The Fool of Quality Or the History of Henry Earl of Moreland, Volume 4

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E. Johnston, 1777
 

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Page 203 - ... all around, for the loss of his little playfellow, the only friend, the only companion that he had upon earth. For five days he thus languished, and gradually declined, without taking any sustenance, or admitting any comfort ; till, one morning, he was found dead, with his head lovingly reclined on the carcase of his little friend. They were both interred together, and their grave plentifully watered by the tears of the keeper, and his loudly lamenting family. But to return. When our company...
Page 199 - Among others, a fellow had caught up this pretty black spaniel in the streets, and he was accordingly thrown into the cage of the great lion. Immediately the little animal trembled and shivered, and crouched and threw itself on its back, and put forth its tongue, and held up its paws, in...
Page 210 - Dire was the tossing, deep the groans : Despair Tended the sick, busiest from couch to couch ; And over them triumphant Death his dart Shook, but delay'd to strike, though oft invoked With vows, as their chief good, and final hope.
Page 202 - He would continue to smell to him, and then would stir him with his nose, and turn him over with his paw; but finding that all his efforts to awake him were vain, he would traverse his cage from end to end at a swift and uneasy pace, then...
Page 202 - The keeper then endeavoured to tempt him with variety of victuals, but he turned from all that was offered with loathing. They then put several living dogs into his cage, and these he instantly tore piecemeal, but left their members on the floor.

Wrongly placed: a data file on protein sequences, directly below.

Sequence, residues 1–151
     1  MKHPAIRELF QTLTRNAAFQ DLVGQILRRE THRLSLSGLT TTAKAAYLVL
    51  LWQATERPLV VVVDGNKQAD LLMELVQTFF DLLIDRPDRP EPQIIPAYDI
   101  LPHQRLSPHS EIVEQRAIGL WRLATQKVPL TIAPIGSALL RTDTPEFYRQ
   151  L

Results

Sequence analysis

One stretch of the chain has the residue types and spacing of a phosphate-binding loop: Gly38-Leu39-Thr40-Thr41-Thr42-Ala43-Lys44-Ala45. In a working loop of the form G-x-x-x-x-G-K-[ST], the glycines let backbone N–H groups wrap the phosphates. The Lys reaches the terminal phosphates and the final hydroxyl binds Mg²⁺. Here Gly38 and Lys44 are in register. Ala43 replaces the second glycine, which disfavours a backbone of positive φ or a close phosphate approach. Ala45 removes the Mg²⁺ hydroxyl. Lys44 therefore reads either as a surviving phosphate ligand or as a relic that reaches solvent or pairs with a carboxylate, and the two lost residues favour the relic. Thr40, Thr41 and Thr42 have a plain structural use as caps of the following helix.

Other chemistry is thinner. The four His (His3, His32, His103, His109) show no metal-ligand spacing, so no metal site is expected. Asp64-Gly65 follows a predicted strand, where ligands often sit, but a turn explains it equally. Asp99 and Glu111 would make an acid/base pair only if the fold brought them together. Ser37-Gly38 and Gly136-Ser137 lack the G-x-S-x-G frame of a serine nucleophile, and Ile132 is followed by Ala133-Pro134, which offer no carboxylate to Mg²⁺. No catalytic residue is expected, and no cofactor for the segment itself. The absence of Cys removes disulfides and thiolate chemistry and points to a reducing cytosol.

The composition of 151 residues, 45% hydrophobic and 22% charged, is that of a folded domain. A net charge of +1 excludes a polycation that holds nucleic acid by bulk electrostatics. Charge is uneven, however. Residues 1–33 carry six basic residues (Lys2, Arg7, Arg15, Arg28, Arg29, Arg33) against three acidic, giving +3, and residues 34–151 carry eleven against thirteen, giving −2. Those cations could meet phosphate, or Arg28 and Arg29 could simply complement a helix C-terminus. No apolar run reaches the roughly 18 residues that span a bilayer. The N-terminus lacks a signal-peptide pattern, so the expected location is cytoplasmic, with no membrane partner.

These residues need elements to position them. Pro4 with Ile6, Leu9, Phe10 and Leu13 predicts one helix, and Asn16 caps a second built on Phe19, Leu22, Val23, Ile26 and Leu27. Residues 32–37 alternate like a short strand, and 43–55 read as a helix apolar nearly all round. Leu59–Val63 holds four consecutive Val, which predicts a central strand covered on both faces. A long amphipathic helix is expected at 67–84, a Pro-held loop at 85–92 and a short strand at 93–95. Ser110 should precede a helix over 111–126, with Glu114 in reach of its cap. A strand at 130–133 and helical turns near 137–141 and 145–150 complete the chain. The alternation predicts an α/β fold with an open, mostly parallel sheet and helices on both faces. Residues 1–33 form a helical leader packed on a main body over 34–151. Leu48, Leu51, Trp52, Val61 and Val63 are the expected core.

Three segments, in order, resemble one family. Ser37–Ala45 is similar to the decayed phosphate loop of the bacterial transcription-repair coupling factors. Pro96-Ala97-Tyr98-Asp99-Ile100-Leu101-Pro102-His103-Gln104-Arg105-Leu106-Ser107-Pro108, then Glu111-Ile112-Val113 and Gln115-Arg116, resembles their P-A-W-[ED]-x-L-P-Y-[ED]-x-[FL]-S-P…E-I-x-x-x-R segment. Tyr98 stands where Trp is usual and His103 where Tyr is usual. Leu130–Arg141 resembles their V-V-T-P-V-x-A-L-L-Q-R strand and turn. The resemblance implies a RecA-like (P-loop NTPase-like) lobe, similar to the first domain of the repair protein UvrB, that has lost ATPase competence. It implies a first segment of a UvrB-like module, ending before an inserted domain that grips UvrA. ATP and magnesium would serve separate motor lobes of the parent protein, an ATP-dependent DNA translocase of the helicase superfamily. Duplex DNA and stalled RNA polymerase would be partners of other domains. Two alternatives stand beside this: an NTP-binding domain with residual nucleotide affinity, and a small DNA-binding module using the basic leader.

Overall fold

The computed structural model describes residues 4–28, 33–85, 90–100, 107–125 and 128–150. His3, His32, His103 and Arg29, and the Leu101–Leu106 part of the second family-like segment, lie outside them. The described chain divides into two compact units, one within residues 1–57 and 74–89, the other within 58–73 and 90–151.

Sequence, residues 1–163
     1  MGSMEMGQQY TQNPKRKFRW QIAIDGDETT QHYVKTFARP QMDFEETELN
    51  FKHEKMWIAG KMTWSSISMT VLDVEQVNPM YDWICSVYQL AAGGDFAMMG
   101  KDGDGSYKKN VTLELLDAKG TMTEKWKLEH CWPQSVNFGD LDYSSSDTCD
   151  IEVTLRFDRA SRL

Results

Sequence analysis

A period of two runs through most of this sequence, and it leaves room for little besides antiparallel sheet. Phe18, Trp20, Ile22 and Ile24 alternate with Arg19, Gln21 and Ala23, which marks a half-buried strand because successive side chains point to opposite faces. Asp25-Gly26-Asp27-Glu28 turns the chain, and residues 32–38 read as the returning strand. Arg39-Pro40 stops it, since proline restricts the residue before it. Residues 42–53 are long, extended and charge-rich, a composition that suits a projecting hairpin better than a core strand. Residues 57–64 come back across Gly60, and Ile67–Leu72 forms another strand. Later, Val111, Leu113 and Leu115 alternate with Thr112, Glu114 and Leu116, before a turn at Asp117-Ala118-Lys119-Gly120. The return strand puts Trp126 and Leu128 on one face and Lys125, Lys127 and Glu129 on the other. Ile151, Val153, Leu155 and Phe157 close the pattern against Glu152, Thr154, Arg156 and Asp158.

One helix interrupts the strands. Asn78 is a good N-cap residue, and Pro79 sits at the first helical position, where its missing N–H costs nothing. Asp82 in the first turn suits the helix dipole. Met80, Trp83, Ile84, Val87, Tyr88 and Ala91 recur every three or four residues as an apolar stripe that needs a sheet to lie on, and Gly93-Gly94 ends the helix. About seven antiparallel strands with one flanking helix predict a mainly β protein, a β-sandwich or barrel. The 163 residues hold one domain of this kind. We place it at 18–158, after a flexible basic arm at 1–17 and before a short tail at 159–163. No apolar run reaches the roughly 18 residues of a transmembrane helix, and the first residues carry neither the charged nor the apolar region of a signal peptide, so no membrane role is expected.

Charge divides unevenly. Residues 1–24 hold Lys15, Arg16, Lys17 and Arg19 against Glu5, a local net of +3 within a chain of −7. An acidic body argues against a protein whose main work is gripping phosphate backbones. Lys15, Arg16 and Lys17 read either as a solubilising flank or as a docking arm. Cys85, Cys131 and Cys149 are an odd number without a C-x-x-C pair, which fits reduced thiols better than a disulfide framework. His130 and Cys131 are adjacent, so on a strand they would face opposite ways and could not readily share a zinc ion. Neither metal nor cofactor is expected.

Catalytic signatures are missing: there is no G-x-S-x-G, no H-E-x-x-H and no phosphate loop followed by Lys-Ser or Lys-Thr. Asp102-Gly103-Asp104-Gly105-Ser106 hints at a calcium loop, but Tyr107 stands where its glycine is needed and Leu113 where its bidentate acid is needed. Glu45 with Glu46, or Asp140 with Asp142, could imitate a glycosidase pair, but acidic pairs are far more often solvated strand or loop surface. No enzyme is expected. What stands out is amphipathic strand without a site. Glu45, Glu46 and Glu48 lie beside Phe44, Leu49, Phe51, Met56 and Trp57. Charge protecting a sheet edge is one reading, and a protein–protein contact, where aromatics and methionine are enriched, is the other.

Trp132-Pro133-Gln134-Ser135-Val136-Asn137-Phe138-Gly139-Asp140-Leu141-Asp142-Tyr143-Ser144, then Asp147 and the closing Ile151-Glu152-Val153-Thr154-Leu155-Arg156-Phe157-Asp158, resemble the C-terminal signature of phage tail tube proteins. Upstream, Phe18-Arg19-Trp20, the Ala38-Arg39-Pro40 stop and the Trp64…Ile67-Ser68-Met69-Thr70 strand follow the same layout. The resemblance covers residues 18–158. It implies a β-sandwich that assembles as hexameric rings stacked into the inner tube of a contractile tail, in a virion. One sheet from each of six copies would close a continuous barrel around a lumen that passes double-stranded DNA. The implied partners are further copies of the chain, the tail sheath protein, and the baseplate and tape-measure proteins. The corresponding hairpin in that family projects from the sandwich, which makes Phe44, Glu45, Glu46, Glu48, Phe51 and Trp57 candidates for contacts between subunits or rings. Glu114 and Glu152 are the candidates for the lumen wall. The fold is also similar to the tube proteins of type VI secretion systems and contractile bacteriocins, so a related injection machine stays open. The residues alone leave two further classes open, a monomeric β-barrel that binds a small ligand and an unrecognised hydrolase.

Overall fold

Page 205 - ... dazzling representative; and he lives, enlightens, and comforts in the diffusion of his beams. His spirit inspires and actuates the air, and is in it a breath of life to all his creatures. He blooms in the blossom, and unfolds in the rose. He is fragrance in flowers, and flavour in fruits. He holds infinitude in the hollow of his hand, and opens his world of wonders in the minims of nature. He is the virtue of every heart that is softened by a sense of pity or touch of benevolence. He coos in...
Page 242 - The prediction of Ifaiah is ftill clearer : ch. ix. 6, 7. " unto us a child is born, unto us a fon is " given, and the government fhall be upon his fhoulders ; and his " name fhall be called * Wonderful, Counfellor, the Mighty God, ." the Everlafting Father, the Prince of Peace : of the increafe of " his government and peace there fhall be no end, upon the throne
Page 199 - The keeper on seeing this, brought a large mess of his own family dinner ; but the lion kept aloof, and refused to eat, keeping his eye on the dog, and inviting him as it were to be his taster.
Page 200 - ... to sleep within the fangs and under the jaws of his terrible patron. A gentleman who had lost the spaniel, and had advertised a reward of two guineas to the finder, at length heard of the adventure, and went to reclaim his dog. You see, sir...
Page 203 - ... of such terrible melancholy as seemed to threaten all around, for the loss of his little playfellow, the only friend, the only companion that he had upon earth. For five days he thus languished, and gradually declined, without taking any...

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